If referral to an oral surgeon is required because of the complexity of the job, then their specialist fees are likely to be considerably higher.
The next biggest thing that will impact on how much you pay, is your insurance. Certain dentists may be specialist providers for particular health funds, in which case, the health funds often set the fees that the dentist must charge. The fees tend to be lower, if this is the case.
Not all insurances will set fees for all dental items, some do- but others just set the most common treatments you are likely to have and allow the dentist to charge normal prices for other treatments. The actual insurance you have, will impact greatly the amount you end up paying, but this needs to be balanced against the cost of the premium you are paying each month.
The cost of an extraction will vary not only between countries but also between states and between major cities and smaller towns and rural areas where access is more limited and competition less.
In addition to the cost of the extraction you may be charged for:
ITEM 013 or 014- A limited examination or consultation ($40-60)
ITEM 022- X-rays to check underneath the tooth ($35-50 each)
ITEM 037– an OPG, though you may be able to get this free with your Medicare card.
Now if you require sedation, it will depend on the type of sedation needed and for how long- as to the price you will pay.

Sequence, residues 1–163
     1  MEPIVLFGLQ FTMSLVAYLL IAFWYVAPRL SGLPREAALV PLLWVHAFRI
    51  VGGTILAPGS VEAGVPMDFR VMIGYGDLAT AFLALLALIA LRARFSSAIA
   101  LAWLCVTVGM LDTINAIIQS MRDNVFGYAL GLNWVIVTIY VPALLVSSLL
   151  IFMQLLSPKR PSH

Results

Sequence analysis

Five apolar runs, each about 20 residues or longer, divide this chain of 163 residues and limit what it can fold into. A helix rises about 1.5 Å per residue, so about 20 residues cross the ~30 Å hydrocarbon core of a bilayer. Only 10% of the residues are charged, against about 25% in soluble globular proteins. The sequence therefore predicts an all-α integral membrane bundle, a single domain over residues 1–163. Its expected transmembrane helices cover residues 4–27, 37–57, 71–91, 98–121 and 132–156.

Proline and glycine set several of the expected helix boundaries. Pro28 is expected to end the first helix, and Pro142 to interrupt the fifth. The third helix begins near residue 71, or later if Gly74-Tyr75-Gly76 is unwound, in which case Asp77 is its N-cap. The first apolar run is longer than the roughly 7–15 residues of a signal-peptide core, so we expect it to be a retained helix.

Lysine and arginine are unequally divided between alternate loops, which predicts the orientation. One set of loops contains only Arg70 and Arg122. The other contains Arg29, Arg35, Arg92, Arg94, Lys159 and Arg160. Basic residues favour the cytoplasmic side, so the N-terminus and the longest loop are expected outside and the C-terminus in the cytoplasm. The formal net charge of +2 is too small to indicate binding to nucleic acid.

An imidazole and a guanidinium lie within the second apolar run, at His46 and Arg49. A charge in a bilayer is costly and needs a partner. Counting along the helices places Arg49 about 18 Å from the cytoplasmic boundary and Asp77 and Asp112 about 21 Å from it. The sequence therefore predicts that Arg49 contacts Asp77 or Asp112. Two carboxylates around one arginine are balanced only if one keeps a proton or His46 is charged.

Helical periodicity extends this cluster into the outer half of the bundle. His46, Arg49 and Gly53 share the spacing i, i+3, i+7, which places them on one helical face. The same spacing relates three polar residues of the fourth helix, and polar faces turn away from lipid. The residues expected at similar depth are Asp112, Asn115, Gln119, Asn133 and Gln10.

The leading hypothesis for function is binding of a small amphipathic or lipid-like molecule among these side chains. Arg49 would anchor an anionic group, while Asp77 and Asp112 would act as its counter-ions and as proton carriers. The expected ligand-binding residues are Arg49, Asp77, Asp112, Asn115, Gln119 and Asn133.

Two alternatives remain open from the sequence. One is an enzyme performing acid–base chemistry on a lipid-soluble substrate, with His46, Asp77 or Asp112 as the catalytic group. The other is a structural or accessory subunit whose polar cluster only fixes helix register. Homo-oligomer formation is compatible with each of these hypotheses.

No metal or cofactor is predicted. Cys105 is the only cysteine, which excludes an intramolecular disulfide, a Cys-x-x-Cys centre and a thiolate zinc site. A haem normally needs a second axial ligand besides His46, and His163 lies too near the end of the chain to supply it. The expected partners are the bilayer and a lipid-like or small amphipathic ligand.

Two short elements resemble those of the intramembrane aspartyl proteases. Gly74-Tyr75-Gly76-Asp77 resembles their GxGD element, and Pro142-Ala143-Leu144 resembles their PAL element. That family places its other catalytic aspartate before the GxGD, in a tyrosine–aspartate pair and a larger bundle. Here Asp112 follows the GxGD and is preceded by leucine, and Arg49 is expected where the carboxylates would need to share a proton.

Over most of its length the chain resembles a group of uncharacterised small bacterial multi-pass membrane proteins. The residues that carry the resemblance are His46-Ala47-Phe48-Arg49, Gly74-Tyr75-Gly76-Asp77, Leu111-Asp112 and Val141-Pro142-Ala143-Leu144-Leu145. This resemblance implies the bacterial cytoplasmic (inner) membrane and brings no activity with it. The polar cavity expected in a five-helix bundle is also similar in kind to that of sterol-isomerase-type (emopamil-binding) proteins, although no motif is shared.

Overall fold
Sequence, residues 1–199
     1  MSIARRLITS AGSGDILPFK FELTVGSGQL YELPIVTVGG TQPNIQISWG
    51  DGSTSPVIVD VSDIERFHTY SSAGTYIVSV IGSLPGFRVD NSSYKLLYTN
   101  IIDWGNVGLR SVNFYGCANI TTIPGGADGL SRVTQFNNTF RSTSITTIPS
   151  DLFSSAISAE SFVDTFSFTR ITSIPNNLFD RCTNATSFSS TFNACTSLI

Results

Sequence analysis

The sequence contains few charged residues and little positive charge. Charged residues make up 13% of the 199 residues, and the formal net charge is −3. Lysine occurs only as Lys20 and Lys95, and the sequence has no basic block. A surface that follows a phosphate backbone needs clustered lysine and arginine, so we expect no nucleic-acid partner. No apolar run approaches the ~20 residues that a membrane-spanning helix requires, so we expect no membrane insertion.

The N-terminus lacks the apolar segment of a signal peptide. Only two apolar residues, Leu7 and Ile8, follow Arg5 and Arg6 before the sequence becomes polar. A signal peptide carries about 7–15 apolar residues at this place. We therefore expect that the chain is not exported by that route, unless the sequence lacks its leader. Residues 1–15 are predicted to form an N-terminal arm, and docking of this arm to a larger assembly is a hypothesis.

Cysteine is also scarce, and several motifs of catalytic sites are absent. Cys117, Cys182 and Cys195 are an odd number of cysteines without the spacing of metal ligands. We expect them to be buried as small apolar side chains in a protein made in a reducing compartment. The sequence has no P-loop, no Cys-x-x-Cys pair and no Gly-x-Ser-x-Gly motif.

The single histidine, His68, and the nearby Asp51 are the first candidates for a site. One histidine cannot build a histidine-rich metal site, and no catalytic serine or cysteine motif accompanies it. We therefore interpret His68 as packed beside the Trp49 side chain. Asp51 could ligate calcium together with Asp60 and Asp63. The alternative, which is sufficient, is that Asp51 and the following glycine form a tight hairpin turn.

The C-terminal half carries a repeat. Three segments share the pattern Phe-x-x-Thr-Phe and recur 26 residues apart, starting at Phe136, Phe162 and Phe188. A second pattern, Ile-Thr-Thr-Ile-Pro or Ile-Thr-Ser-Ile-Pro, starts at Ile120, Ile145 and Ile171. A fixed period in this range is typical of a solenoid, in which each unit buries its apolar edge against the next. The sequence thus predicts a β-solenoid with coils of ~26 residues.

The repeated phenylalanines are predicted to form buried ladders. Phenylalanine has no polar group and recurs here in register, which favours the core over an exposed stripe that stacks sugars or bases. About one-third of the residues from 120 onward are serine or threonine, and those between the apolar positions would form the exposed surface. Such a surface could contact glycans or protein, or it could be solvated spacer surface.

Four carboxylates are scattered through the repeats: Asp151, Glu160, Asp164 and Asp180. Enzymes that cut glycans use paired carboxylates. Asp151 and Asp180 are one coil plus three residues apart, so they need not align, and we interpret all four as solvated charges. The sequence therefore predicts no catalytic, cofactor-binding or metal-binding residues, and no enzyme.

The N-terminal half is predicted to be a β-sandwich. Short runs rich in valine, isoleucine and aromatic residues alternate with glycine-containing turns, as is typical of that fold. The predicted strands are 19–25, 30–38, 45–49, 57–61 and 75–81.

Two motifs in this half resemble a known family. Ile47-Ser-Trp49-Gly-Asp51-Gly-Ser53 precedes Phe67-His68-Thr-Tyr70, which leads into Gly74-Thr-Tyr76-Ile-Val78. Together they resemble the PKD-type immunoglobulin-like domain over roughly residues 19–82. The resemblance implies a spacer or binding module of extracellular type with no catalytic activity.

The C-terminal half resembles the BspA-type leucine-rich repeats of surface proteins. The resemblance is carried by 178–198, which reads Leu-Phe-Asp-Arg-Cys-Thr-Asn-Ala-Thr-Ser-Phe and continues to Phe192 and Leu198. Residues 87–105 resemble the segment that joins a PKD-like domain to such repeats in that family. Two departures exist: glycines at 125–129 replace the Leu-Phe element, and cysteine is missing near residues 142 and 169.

Is the sedation oral? Such as a sedative e.g. diazepam or nitrous oxide (happy gas) ,or is the sedation intravenous? Which is likely to be more expensive.
If a general anaesthetic is required, you must also consider the cost of the:
(i) The specialist surgeon
(ii) The anaesthetist
(iii) Hire of the hospital facility
On referral to the oral surgeon, you will be provided with a breakdown of the costs involved. I would expect to pay $1500-$3000 to have four wisdom teeth out under general anaesthetic.
What are the Item Numbers? I want to check with my Fund how much will I get back?
To be able to check your out of pocket expenses, you need the item numbers for any treatment you will be having. Only your dentist will be able to provide you with these and the costs of each of them, after he has examined you and discussed through, the different treatment options. Even then, sometimes it is difficult to say, because extractions can be somewhat unpredictable.
The best thing to do, to give you an idea of the gap you will be required to pay, is to get the minimum and maximum extraction costs, that would be ITEM 311 for the simplest extraction and ITEM 324 for the most complex. This will allow you to work out the worst and best case scenario.
For completion, in Australia, the different extractions have the following item numbers:
- ITEM 311– normal tooth (or root) extraction
- ITEM 314-sectional removal.
Surgical extractions– These all involve raising a flap of gum to expose the tooth or root:
- ITEM 322- basic surgical removal
- ITEM 323– surgical removal that needs bone removal
- ITEM 324– surgical removal that needs bone removal and splitting the tooth.